April 18, 2012
Spherix Incorporated (NASDAQ: SPEX)
- an innovator in biotechnology for therapy in diabetes, metabolic syndrome and atherosclerosis, and provider of technical and regulatory consulting services to food, supplement, biotechnology and pharmaceutical companies - today announced results from its recently completed studies using near-infrared spectroscopy on autopsy samples from humans who had confirmed cardiovascular disease. Results showed that these atherosclerotic plaques had abnormally high amounts of macrophages and reduced levels of collagen and elastin. Reducing collagen and elastin weakens the plaques and contributes to plaque rupture, myocardial infarction and/or stroke (see photo).
Importantly, these findings show the relevance of Spherix's newly completed study involving D-tagatose and LDLR-/- mice, which are predisposed to developing atherosclerosis and mimic the pathogenesis of atherosclerosis in humans. Similar to what was found in the human study, infrared spectrometric imaging of diseased vascular samples from mice given an atherogenic diet containing high amounts of sucrose showed increases in macrophages and reductions in collagen and elastin content. The mice fed an atherogenic diet containing D-tagatose but not sucrose showed significantly fewer plaques and infrared spectrometric imaging of the plaques that developed revealed fewer macrophages, and more collagen and elastin. These results suggest that D-tagatose not only reduces the number of plaques formed, but also may stabilize atherosclerotic plaques.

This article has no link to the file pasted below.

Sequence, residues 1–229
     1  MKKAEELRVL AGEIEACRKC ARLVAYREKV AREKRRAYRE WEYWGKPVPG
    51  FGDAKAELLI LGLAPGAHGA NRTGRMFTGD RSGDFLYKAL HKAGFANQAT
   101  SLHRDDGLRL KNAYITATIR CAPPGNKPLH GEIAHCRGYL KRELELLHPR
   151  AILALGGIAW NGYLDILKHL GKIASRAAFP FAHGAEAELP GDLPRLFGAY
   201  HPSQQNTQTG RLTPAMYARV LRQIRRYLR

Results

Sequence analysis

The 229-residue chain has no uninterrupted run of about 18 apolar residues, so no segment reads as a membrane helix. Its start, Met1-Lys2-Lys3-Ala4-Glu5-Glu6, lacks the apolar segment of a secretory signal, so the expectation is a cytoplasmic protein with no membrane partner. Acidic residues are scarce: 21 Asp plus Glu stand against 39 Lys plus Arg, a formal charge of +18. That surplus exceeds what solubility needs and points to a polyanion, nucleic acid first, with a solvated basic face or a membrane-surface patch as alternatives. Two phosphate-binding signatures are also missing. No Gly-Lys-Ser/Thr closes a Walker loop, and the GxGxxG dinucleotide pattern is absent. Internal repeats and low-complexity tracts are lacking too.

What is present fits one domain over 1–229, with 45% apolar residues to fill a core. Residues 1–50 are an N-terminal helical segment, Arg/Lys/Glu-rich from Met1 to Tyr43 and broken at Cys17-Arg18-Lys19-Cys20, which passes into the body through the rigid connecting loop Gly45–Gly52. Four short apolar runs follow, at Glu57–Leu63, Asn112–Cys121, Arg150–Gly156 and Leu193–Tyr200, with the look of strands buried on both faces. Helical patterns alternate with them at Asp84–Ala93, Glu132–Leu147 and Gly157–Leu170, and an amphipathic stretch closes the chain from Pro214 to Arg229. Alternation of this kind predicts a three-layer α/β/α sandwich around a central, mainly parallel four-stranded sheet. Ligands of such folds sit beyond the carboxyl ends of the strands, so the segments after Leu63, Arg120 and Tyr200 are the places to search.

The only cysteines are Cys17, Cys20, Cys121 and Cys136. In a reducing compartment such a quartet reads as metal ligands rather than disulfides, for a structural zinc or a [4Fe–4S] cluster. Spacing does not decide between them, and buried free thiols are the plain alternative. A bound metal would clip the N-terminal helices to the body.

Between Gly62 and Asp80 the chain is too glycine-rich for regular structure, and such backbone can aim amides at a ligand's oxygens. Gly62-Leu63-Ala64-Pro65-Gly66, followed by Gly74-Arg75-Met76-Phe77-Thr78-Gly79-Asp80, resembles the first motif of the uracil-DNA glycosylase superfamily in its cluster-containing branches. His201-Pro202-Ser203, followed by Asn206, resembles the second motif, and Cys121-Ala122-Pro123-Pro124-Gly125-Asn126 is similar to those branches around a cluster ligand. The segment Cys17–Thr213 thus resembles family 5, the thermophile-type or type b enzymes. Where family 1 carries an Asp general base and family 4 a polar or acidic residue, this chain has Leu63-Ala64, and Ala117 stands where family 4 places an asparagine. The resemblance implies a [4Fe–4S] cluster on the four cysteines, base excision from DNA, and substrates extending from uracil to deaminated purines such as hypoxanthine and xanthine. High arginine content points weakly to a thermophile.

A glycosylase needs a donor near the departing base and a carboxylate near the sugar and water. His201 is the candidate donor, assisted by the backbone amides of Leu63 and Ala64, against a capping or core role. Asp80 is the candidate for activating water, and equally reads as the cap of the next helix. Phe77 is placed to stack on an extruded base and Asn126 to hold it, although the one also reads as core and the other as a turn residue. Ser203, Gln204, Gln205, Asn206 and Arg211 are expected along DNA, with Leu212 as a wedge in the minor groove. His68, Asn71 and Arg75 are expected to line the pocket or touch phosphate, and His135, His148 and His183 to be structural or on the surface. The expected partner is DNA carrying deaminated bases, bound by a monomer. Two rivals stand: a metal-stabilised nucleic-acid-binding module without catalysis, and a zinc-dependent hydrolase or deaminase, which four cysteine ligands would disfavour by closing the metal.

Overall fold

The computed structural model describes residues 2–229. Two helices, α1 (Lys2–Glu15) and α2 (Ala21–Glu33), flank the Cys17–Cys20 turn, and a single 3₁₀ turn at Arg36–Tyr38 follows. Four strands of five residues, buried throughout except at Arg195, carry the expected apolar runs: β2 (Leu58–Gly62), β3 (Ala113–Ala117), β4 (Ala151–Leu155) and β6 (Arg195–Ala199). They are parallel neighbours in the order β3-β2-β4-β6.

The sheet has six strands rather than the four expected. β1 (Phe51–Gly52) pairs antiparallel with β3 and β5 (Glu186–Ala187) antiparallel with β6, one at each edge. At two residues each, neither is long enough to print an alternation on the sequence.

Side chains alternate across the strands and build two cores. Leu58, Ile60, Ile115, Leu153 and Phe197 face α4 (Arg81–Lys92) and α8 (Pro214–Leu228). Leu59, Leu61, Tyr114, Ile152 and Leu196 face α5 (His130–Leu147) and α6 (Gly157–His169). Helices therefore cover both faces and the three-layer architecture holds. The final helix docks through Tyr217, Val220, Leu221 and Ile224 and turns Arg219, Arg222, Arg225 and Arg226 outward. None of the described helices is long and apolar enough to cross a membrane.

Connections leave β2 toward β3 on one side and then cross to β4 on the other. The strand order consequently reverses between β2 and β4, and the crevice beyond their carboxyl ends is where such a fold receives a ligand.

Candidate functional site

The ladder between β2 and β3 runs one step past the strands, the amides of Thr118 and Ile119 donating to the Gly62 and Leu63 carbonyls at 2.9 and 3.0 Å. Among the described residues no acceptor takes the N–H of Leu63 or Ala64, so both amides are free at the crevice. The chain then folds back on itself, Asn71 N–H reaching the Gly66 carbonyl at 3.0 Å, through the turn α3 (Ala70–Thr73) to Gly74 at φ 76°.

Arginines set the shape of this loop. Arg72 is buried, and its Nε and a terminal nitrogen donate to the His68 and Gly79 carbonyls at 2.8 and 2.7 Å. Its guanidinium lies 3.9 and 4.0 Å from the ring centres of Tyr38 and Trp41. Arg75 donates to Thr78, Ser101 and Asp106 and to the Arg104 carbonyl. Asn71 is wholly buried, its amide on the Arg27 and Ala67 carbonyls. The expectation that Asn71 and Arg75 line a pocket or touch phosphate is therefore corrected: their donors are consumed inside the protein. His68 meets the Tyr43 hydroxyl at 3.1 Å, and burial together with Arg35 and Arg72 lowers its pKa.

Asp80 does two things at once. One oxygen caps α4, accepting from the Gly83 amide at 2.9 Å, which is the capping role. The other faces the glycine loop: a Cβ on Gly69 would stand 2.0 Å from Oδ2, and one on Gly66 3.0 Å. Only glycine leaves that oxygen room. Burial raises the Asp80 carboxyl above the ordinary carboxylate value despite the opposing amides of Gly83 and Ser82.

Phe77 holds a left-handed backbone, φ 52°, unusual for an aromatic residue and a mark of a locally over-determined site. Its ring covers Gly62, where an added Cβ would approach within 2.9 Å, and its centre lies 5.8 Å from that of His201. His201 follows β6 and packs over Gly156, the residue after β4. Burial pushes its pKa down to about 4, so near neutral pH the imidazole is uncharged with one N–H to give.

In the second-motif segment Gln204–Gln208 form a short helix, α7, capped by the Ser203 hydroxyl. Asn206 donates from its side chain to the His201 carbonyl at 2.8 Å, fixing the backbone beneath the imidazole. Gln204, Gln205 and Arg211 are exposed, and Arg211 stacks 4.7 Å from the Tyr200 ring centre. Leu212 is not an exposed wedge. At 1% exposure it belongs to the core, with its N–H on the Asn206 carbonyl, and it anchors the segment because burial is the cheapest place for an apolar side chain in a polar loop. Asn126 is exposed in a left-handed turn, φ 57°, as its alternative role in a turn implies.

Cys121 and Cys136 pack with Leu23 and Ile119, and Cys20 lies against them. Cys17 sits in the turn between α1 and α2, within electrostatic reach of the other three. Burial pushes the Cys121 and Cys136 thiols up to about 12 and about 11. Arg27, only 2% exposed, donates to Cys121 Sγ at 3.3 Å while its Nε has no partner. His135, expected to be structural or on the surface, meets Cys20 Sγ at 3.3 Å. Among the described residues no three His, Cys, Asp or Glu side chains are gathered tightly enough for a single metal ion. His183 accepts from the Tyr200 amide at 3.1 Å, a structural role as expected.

LDL cholesterol particles imbedded within atherosclerotic plaques have been reported to attract circulating monocytes into the lesion, thereby leading to the accumulation of macrophages in the plaque and weakening of atherosclerotic lesions. Diets high in fat, cholesterol and carbohydrates promote the development of atherosclerosis in both animals and humans by increasing triglycerides and LDL cholesterol in the blood. Dr.
, President of Spherix remarked, "We know that our drug candidate, SPX-106T, significantly reduces the number of atherosclerotic plaques in animal models. These new results, however, are very exciting because they not only support Spherix's previous findings, but also open the door to new therapeutic opportunities."
"It is encouraging to note that D-tagatose has a beneficial effect on atherosclerosis and Spherix is successfully providing experimental evidence that our two drug candidates in combination therapy, SPX-106T, work synergistically to produce the desired therapeutic activity needed to advance SPX-106T through clinical and regulatory development," said Dr.
, Spherix's Chief Executive Officer. "SPX-106T is consistent with our business strategy to develop combination drugs that affect multiple pathways to disease."